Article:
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A Chilling Office Predicament and Unplugging During the Holidays

by Mary Isner / December 9, 2021

Finally! We are starting to return to normalcy in many ways, and more people are returning to the office with added measures in place to protect against ongoing COVID risks. I think one of the more interesting outcomes of the pandemic is that many workplaces have realized that their employees do not need to be in the office full time. Because of this, many people are returning to hybrid offices or becoming full-time teleworkers. No matter where you fall with your office arrangement, these friendly pointers from Miss Office Manners may be helpful to you. In this installment, I offer solutions to two additional challenges you may be facing during these times. Happy reading!

The Cold War

Dear Miss Office Manners: There are two ladies who share a space next to a window in my office. There is a plexiglass divider between these two ladies. One of the ladies read somewhere that you can't catch COVID with fresh air flowing, so she has been opening the window. She told HR that she feels this is a "reasonable" accommodation for her physical and mental wellness. This is forcing her desk partner to wear a coat, hat, and scarf all day. Because they work together closely, HR cannot relocate "coat lady." So, every time “window lady” leaves her desk, coat lady shuts the window. The HR manager has not returned to the office, so this has become known as the office COLD WAR. Any pointers? 

-- Ready to Jump Out of the Window    

Dear Ready to Jump:  

Thinking about this just makes me want to put on a sweater. This is quite the quandary. While everyone is entitled to reasonable accommodations for their physical and mental wellness, I think when it is at a detriment to someone else’s wellness, maybe it is not so “reasonable” after all. I assume that when “coat lady” accepted her job, she did not sign up to work in Arctic temperatures. I think she needs speak to the HR manager regardless of whether or not he or she has returned to the office. This can’t wait…temperatures are dropping, for crying out loud! Some possible solutions might be:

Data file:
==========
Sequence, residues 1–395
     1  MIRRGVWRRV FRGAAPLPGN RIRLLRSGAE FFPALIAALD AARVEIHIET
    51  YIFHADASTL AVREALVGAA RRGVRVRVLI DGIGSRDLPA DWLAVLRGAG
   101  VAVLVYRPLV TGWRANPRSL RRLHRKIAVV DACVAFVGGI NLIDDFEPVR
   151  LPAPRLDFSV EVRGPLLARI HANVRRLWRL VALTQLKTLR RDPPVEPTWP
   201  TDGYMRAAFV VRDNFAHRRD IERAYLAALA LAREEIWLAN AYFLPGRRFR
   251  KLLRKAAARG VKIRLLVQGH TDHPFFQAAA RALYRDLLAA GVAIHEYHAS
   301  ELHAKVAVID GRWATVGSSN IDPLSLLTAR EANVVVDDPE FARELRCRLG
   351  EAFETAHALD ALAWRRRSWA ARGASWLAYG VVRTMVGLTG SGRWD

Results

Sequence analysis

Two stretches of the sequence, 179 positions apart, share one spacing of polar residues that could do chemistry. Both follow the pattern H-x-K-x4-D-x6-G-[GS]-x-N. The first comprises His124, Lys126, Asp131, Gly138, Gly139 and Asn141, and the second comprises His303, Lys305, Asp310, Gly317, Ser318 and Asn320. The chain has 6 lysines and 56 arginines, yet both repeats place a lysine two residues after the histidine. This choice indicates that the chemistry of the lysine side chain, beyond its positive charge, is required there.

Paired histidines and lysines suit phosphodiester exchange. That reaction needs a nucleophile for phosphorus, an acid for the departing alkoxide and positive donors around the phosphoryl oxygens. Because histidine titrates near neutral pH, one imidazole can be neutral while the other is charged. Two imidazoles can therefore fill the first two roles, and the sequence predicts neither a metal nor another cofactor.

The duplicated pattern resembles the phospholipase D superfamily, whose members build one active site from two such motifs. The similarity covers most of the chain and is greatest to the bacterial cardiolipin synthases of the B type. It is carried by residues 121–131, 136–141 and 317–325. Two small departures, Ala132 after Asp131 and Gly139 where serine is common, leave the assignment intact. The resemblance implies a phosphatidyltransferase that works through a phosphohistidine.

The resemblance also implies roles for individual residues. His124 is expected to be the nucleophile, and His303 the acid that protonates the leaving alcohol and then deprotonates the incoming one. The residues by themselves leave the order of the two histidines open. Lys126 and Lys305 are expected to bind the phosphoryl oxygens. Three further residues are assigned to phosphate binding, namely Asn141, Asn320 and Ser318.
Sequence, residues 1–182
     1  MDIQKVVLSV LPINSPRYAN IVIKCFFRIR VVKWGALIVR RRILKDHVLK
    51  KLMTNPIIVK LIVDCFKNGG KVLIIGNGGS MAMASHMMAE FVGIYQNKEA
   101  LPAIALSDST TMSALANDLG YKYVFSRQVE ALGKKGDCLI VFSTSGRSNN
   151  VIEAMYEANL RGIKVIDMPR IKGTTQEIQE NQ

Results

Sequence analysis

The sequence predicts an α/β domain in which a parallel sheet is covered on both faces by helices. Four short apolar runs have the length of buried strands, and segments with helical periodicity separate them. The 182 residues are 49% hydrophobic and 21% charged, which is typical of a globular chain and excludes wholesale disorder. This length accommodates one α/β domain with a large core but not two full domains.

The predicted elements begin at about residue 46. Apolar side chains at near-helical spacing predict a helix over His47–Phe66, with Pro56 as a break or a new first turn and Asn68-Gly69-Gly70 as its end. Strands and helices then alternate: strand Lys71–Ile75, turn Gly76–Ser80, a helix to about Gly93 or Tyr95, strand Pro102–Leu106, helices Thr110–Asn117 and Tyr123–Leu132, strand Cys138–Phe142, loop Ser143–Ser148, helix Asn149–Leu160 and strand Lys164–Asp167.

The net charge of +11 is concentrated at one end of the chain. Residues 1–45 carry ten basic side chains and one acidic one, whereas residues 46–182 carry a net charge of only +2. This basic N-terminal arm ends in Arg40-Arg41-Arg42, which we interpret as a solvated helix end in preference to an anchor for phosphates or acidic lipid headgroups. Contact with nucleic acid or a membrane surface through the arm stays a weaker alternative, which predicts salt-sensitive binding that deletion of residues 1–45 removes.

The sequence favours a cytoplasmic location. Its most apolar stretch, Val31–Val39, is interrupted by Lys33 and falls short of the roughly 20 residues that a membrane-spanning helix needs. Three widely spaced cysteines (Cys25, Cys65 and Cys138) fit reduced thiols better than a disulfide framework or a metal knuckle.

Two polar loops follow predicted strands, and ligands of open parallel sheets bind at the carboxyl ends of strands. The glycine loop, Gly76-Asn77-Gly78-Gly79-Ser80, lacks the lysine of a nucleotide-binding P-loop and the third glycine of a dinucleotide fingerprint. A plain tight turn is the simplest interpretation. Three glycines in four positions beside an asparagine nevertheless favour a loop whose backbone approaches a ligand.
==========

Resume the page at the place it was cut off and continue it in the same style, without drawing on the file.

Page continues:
• Switch one or both of the employees back to remote work until the weather becomes more mild, if at all possible.
  • See if there is any other possible configuration where “window lady” can still get her fresh (ahem…cold) air and “coat lady” can work in room temperature.
  • If all else fails, nail the darn window shut at least until the spring!

Here’s to finding a solution that will make BOTH “coat lady” and “window lady” happy…fingers crossed!


Dear Miss Office Manners: This year, I am so excited to take time off over the holidays to have a closer to normal celebration with my family. Last year, when my office was teleworking full-time, I tried to take some time off over the holidays but it didn’t work out so well for me. I did not feel like I could unplug and I found myself responding to even non-urgent emails and messages during my time off. We have returned to a sort of hybrid office where we are back in the office part of the time and teleworking the rest of the time. I am worried that I will have the same problems again this year. Any suggestions?

-- On Holiday

Dear On Holiday:  

I am also looking forward to the holidays, especially this year after all that we have been through! Here are my tips for taking actual time off during the holidays so that it is both relaxing and enjoyable: 

  • Plan ahead. Wrap up as much work as possible before you head out, and come to a good stopping point on any work that cannot be wrapped up.
  • Give advance warning. Inform your colleagues weeks before you head out so that they can also plan ahead.
  • Set an “out of office” reply on your email. Make sure the message also lets people know when you will be returning. If you work closely with someone else, direct any urgent messages to that person while you are out. If your workplace uses instant messaging, update your status to “on vacation.” My workplace has made it a policy to not message employees whose status shows that they are taking time off unless it is urgent. I cannot tell you how much of a difference that has made.
  • Put your phone away. This is the hardest one for most people, but it is the most essential. Stop looking at your phone. And change your notification settings so that you have to manually check for messages instead of being pinged all day long. If you absolutely must, set up a time each day to check your work messages - but just once, and then let it go!

Hope that helps. Happy holidays to you! 

I hope you have found this week’s tips both helpful and enjoyable. Here’s wishing everyone a productive and healthy work environment, wherever that may be! Be safe and well, everyone!

Tags: Return to Work

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Mary Isner

Mary Isner

Mary has a master’s degree in public administration and has worked as a facility planning analyst for Fentress since 2003. In her free time, she enjoys baking, decorating, and spending time with her family.